Meeting Supply and Training Challenges

Pharmaceutical Technology, Pharmaceutical Technology, November 2021 Issue, Volume 45, Issue 11
Pages: 30–32

Best practices help mitigate generic drug shortages.

Drug shortages have been an ongoing challenge that FDA and pharmaceutical manufacturers have been struggling to mitigate. The COVID-19 pandemic exacerbated the problem, with shutdowns and global trade disruptions combined with sudden demand for critical drug products. FDA’s report on drug shortages for calendar year 2020, however, says that the US government and manufacturers worked together to prevent 199 shortages (1). The Agency said that the requirements for early notification helped reduce problems (1).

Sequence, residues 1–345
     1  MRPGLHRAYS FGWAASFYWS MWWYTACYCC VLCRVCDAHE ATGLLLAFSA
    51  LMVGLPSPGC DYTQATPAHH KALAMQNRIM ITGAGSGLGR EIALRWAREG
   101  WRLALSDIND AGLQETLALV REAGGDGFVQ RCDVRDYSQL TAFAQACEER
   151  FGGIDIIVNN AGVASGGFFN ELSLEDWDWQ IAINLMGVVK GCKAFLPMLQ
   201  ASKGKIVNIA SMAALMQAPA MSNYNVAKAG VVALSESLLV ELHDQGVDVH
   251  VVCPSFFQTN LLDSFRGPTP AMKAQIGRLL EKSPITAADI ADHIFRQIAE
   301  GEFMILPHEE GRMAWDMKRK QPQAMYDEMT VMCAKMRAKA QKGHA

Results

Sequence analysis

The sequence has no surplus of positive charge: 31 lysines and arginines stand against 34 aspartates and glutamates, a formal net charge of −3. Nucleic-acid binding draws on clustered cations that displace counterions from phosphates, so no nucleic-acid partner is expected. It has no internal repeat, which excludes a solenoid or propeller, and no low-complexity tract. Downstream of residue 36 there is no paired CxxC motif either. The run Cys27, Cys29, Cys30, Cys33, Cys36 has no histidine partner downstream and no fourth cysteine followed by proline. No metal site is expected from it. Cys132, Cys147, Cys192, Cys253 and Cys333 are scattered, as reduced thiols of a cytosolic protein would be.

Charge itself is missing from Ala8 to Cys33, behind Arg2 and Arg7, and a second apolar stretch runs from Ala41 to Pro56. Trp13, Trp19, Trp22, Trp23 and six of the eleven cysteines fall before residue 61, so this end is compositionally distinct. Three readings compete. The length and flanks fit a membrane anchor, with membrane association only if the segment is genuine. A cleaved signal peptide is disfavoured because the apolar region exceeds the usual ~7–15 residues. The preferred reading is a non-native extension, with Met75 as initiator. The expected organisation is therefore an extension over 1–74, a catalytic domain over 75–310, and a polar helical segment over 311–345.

Supply challenges in 2020 were global in nature, says Vincent Colicchio, vice-president, Supply Chain and External Manufacturing, at generic drug supplier Dr. Reddy's Laboratories. Consistent supply of APIs and some of the key starting materials for manufacturing APIs were particularly challenging for many pharma companies during the pandemic, he notes. Having adequate staffing for manufacturing operations, laboratories, and facility maintenance has been a challenge as well. Pharmaceutical Technology spoke with Colicchio about best practices regarding supply chain and workforce training and retention.

Preventing drug shortages

PharmTech: From your perspective, what are the important aspects to preventing drug shortages?